Kubla Khan offered a fine assortment of wines and cocktails, imported and domestic, including champagnes, red and white wines, mineral water, beer, mixed drinks, after dinner rum, scotch whisky, bourbon whisky, Irish whisky, gin, and liqueur to whet thirsts of its patrons.

The menu cover, shown above, thanks to a photograph from the Chinese Historical Society of America, was flamboyant with a giant devilish Kubla Khan in a mighty and fierce position. The dragon and linear decorative motif on the top and bottom edges are stereotypical. The statement of the history of Kubla Kahn on the last page was overly dramatic for entertainment. In the kitchen, a Cantonese cook prepared Chop Suey dishes, seen here also with thanks to a photograph from the Chinese Historical Society of America.

After the sumptuous dinner of Chop Suey and/or American dishes, the patrons gaily danced, couples tightly held their arms in intimate embraces, and Bill Oetke and his Rumberos Latin band played nightly with loud percussion instruments. Latin music was in vogue, and the dancers heard Mambo from Cuba, and Eddie Pond played with the Latin band and was called The Chinese Demon of the Maraccos.

The night in Chinatown catered to the sensibility of Americans with a mixture of vaudeville and burlesque, at Kublai Khan they did three shows a night. Ivan Paul, Nite Club Editor of San Francisco Examiner, wrote: No need to travel to China for the spell--the mystery--of the Orient. Ankle Chinatown way to the KUBLA KHAN--there it is.

Every night Eddie Pond emceed and gleefully performed on the stage in various acts. He presented the one-hour program with a Latin theme and called it his "All Chinese Revue." The program had nine acts, some were a Street Scene, Chinese Sleeve Dance, Chinese Lullaby, and a Coolie Dance. In the program May Lee, known as an 'exquisite Chinese star of operetta, stage & screen' sang, the Sing Lee Troupe known as the acrobatic sensation of four continents performed, Jadin (Wong) and Li Sun danced gracefully as America's romantic Chinese artists of the modern ballroom dance, and Iris Wong performed her 'fan dance' before the finale called the China Conga.

The beautiful chorus girls wore stylish costumes made for glittering fashion and they performed showing off their svelte physiques, sleek flesh, and very long legs. Noel Toy performed her strip tease act nightly and she seductively mesmerized audiences with her famous fan and bubble dances with just ostrich feathers and big balloon. She was billed as the Chinese Sally Rand, a well known burlesque dancer. There were other floor show acts as seen on this Kubla Night in Chinatown card, courtesy of Trina Robbins, the floor show photo courtesy of the Chinese Historical Society of America. In the August 11, 1945 issue of Billboard, Edward Murphy wrote about Kubla Khan: Talent Policy: Dance band and floorshows at 7:30, 9:30 and 12. Owner, Eddie Pond. Prices: $1.50 minimum. Dinner from $2.50. Whole Show: good; features Chinese acts and dance received.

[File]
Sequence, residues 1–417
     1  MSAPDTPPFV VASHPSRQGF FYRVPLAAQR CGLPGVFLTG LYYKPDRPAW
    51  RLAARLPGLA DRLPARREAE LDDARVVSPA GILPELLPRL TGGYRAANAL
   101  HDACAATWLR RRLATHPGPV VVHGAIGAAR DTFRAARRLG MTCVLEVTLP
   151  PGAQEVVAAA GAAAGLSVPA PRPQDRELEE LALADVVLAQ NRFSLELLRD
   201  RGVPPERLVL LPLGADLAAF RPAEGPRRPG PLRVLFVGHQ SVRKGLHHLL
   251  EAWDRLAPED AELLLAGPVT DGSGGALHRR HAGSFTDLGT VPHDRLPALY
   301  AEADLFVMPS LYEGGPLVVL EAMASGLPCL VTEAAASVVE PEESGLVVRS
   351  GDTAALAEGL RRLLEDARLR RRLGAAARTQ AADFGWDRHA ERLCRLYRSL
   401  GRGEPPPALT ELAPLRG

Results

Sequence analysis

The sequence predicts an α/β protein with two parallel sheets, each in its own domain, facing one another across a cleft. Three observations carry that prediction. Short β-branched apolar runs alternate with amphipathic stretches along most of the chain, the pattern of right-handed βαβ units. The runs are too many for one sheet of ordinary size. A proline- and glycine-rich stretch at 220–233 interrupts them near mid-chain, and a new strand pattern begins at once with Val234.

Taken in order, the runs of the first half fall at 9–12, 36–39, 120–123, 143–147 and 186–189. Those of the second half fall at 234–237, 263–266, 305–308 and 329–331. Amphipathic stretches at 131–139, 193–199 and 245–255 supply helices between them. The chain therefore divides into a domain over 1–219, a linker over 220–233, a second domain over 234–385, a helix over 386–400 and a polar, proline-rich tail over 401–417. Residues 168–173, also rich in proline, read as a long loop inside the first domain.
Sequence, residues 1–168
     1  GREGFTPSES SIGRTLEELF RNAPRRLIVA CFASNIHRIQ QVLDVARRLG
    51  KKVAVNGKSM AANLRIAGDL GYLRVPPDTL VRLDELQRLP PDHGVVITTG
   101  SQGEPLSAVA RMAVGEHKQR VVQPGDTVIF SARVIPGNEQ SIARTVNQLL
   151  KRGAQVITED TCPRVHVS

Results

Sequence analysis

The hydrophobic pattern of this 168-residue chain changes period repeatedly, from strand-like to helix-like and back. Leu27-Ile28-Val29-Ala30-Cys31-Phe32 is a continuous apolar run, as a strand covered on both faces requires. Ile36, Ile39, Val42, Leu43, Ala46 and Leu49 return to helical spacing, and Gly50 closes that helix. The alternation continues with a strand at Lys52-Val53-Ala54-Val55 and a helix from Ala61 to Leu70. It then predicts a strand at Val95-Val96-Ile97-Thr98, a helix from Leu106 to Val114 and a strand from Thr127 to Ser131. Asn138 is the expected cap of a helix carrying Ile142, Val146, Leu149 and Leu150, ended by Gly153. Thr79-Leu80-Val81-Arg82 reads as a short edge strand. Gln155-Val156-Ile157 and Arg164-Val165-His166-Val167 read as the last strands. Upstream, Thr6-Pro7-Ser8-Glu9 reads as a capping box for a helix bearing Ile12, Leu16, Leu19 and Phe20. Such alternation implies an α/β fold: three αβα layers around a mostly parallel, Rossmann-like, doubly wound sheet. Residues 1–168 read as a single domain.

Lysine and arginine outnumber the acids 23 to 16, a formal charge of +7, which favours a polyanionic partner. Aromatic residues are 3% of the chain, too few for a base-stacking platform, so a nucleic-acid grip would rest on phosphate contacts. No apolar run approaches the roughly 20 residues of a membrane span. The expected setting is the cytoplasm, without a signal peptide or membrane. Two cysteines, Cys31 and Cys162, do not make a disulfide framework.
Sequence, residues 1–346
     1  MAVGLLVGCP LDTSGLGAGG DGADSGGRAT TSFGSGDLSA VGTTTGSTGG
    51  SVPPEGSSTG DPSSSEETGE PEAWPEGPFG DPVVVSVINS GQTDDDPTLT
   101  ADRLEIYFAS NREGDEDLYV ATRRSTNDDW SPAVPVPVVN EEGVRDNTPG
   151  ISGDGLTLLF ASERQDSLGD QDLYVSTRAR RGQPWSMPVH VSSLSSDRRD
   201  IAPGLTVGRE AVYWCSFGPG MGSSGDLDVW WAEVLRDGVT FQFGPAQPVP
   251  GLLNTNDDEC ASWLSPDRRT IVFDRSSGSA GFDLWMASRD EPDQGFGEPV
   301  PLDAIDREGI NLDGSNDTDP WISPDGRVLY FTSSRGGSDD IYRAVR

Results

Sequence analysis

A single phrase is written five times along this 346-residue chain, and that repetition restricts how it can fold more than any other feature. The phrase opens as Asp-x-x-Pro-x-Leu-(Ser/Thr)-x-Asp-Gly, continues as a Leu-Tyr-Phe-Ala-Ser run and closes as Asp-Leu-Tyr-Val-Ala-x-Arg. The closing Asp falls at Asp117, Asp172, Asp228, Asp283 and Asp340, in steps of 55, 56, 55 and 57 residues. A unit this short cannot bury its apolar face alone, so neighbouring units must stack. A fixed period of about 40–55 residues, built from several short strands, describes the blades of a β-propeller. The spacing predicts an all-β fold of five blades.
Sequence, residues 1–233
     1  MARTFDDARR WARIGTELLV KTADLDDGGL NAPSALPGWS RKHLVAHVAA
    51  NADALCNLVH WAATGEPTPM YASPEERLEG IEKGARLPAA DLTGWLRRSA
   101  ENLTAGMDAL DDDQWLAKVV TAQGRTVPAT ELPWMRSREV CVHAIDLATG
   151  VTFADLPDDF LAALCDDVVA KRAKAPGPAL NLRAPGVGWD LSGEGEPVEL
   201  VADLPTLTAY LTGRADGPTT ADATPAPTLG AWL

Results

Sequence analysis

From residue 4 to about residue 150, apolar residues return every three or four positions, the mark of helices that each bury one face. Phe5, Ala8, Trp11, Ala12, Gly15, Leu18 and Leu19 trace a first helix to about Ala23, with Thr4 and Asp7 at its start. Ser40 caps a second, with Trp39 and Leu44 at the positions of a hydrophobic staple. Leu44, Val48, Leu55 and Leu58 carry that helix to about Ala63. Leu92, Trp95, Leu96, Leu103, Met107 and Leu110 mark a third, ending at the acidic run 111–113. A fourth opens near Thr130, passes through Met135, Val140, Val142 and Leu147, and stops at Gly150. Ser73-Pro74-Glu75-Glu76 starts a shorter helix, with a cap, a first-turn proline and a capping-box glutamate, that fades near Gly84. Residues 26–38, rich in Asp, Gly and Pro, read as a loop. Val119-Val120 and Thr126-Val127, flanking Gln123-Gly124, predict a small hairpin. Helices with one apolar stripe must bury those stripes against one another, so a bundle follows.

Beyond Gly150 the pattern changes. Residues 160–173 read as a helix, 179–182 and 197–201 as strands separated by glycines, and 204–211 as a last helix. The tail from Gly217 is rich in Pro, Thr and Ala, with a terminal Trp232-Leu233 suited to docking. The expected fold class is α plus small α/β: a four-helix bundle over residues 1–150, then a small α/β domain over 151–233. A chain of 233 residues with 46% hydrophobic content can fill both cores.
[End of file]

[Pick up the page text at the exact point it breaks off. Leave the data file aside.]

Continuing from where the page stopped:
Nola Pardi Proll, an American, had performed as a Kubla Khan Beauty. She has memories, especially for Walton Biggerstaff. "He was a wonderful man, my mentor, and the one who started my career. He was good to everybody, was a wonderful dancer, and a thoughtful man," she said. Frank Yee, a patron and friend of Eddie Pond, recalls his times at the Kubla Khan saying, "During my bachelor days, with my buddies, I was hopping among the Chinese nightclubs in San Francisco Chinatown. Eddie Pond's Kubla Khan was a fine nightclub, same class as Charlie Low's Forbidden City and Andy Wong's Chinese Sky Room. We brought our dates to watch the entertaining Broadway style shows, and had group parties in the cocktail lounge at the Kubla Khan." Eve Leong Pang, another patron, remembers her experiences at the Kubla Khan saying, "We were young and dating. Couples used to go to Kubla Khan for dinner and to dance. They had a little floorshow after we ate and danced."

At the end of World War II, from July 1946 to November 1950, Gim Suey Chong, my father, was a partner at Pond's Kubla Khan Theater Restaurant. He invested his savings in a partnership with Eddie Pond and others during The Golden Age of Chinese Nightclubs. At the Kubla Khan, Gim he had worked quietly as a waiter and casual bartender. He dressed in a white coat with black bow tie, gradually gained confidence, was adapting well to the American way of life while living in a room at the Hotel Taylor on 66 Turk Street in the Tenderloin District. He stood five feet three and a half inches tall, is the shorter chap and weighed about 150 pounds. Ladies admired his brown eyes and jet black hair and deemed him quite handsome and a sharp dresser. He was photogenic as he obliquely gazed away from camera; he had a gentle quiet presence.

The Chinese nightclub business in San Francisco Chinatown was in a slow decline after World War II and Gim eventually sold out his Kubla Khan share and returned to Los Angeles to live in Chinatown with Moi Chung, his father. At the end of 1950, the short era of the Eddie Pond Kubla Khan Theater Restaurant abruptly closed in bankruptcy and faded into the dim memories of The Golden Age of the Chinese Nightclubs.
Raymond Douglas Chong (aka Zhang Weiming) is Principal for Generations, his creative enterprise in Sugar Land TX. A fifth generation American-born Chinese from California, he is a writer of many stories and producer of many films. Born in Chinatown in Los Angeles CA, his growing years were in the remote barrio of Elysian Valley, Frogtown, between Elysian Park and the Los Angeles River. He proudly traces his Zhang ancestry to the ancient Dragon Village, founded in 1466, near the Tan River in Kaiping City in China's Guangdong Province. According to his family tree, he is the forty-third generation dating back to 778 in the Tang Dynasty. For more information, contact him at raychong@prodigy.net